Kansas, Missouri advance pro-gun measures
04/01/2014 6:59 PM
04/01/2014 6:59 PM
Lawmakers in Kansas and Missouri took aim Tuesday at gun-control enforcement in their states.
The Missouri House endorsed legislation that attempts to nullify some federal gun-control laws but removed the threat of jail time for federal agents who enforce those laws.
And the Kansas Senate rejected a Kansas City, Kan., lawmaker’s proposal to keep concealed guns out of libraries and community centers and then gave first-round approval to a bill stripping cities and counties of their power to regulate firearms.
In Missouri, the House answered law enforcement objections by voting112-37 to remove the possibility for criminal prosecution of federal law enforcement officers who knowingly enforce gun policies the state deems to “infringe on people’s right to keep and bear arms.”
The original measure could have prompted state officials to arrest their federal law enforcement counterparts.
The House measure needs one more affirmative vote before moving to the Senate, which has passed a version containing the potential jail sentences.
Opponents argue that both bills are unconstitutional because courts have consistently ruled that states cannot nullify federal laws. And Democrats raised concerns about civil penalties that remain in the House bill.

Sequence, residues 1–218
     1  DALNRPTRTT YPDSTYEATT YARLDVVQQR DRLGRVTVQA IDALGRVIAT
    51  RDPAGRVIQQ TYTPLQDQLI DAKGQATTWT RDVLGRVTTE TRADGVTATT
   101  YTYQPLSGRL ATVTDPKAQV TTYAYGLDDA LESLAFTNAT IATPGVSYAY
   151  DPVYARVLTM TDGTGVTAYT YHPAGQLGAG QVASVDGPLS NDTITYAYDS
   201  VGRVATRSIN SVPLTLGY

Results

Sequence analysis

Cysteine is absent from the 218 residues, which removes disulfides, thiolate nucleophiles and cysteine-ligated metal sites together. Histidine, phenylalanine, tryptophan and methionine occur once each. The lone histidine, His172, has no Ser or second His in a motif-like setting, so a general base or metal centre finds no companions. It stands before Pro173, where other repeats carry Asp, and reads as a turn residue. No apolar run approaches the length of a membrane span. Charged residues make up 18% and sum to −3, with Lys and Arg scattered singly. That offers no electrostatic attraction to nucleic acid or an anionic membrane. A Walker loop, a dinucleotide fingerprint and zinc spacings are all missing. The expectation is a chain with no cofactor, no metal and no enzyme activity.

“I don’t want to see a law enforcement officer be put in a position to be sued for following the law,” said Rep. Judy Morgan, a Kansas City Democrat.
The bill would also lower the minimum age to get a concealed gun permit to 19 from 21.
The Kansas measure would void local gun ordinances and ensure that the open carrying of firearms is legal across the state, although cities and counties still could keep them out of public buildings. The Senate plans to take a final vote Wednesday to determine whether the goes to the House.
Sen. Pat Pettey, a Kansas City, Kan., Democrat, unsuccessfully sought to use the bill to amend a law enacted last year that allows people with state permits to carry their weapons into more buildings. Pettey wanted to exempt libraries, community centers and community mental health centers — allowing local officials to permanently ban concealed weapons at those sites.
“Our libraries are gathering places within our communities,” Pettey said. “Most of them are tiny libraries around the state. They are run either by one person or by volunteer staff, and they are interested in having their own communities make decisions about what fits their communities best.”